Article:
Wealth and income distribution have been in the social scientists’ focus since the dawn of modern economics. However, discussions on such topic often fail right at the definition of the invisible reference point of equal distribution. On the one hand, it is often interpreted as the equal distribution of goods between individuals; on the other hand, it can be also meant as equal number of people within certain income brackets. Even though these arguments would be worth a book, if not a small library, I would like to take the argument one step back to measuring wealth.
As easy as it is to observe capital-related wealth by using share or bond price indices, labour-related wealth remains hidden when we account for wealth distributions using classical models. No wonder that wealth numbers indicate a more unequal, highly dispersed scale compared to plain vanilla income figures.
In the case of a financial claim the market simply calculates a net-present value of it, and right away we know the immediate wealth of the individual(s). But what does this really mean? According to Benjamin Graham’s famous metaphor Mr. Market tells us a price where he is willing to buy our future cash-flow. There is no difference in the case of labour-related income either. The market or bank gives us a quote on which we can exchange our future earnings for a certain amount of money. Yet this kind of wealth is not accounted for, a missing element of household balance sheets which distorts overall numbers when compared to capital instruments.
In its nature this invisible wealth, or labour stock is very similar to share prices: its value is positively correlated with earnings growth, negatively with required returns. Let me express it with less econ-finance nerdy words. With increasing wages one could afford higher instalments, hence is eligible for a higher amount of principle. Given lower debt servicing costs our fixed income can finance a higher amount of debt.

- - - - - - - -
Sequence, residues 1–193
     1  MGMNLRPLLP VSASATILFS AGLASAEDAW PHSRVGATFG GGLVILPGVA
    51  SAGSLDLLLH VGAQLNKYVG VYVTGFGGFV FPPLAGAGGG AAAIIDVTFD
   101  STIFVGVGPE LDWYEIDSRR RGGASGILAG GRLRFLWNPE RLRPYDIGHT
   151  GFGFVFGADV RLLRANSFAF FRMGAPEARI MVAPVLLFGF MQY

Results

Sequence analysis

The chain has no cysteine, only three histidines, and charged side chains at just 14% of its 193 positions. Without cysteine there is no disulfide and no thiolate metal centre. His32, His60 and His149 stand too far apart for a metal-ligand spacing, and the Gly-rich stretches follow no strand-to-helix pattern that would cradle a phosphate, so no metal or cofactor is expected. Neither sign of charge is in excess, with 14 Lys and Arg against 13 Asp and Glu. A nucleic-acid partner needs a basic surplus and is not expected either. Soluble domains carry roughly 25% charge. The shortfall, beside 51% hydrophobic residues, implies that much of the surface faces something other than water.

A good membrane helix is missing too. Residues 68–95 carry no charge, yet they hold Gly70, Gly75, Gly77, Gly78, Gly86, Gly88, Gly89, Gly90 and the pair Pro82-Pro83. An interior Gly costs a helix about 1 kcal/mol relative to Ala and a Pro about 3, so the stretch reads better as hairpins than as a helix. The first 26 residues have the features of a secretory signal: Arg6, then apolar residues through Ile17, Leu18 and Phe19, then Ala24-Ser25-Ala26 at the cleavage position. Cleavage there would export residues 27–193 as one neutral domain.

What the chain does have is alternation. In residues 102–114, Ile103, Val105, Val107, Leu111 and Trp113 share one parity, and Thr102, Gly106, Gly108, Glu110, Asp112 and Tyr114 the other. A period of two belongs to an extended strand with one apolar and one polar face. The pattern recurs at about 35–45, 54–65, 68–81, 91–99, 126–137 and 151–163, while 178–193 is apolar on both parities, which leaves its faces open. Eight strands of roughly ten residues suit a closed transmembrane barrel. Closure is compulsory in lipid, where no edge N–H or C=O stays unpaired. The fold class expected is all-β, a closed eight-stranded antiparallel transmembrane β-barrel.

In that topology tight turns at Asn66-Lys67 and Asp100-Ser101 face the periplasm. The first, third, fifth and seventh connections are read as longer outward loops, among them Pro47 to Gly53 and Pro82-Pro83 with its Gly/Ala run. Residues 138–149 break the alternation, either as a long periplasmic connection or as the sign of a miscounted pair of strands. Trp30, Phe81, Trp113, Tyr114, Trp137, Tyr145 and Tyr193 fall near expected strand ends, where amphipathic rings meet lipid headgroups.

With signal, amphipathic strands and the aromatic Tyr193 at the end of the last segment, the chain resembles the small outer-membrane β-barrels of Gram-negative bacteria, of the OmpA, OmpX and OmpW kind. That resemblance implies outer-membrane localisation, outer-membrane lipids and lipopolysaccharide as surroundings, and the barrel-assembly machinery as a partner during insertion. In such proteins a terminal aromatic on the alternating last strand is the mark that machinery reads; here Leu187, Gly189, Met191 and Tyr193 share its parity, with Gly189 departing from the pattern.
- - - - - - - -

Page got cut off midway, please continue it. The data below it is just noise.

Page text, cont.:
Credit issuance makes this invisible element of household balance sheets observable through debt markets. Even though market creation always helps optimal allocation, each coin has two sides. On the one hand, we are able to exchange these future earnings for another asset (e.g. real estate), while we are also make changes on our liability side, converting invisible equity into visible liabilities. (See picture below) On the other hand, this conversion of the invisible part of the balance sheet might create false assumptions, as physical balance sheets expend, but in reality the economy does not necessarily follow as the potential were there all along.
After all this theoretical discussion lets see how much money are we considering. If the labour force of the US would exchange their future earnings to a fixed amount of money they would receive an eye-watering 338 230 billion US dollars… plus change. The number is derived by using the Gordon growth model on wages and salaries as they were dividends, data retrieved from the Fed. So let me put it into context: this is 19 folds the GDP, or 14 times the S&P market capitalisation (all at the end of 2015). The growth rate of this stock is also remarkable. In the last half of a century the value growth of labour stock outpaced S&P 500 returns by an annualised 48 basis points.
My point here is not to support one or the other perspectives when it comes to considerations of what is just. My aim is rather to say that before we get ourselves into such discussion get the right numbers and use apples-to-apples figures, so we don’t make false claims or assumptions. Because of this invisible part of the economy, I would certainly prefer income numbers over wealth.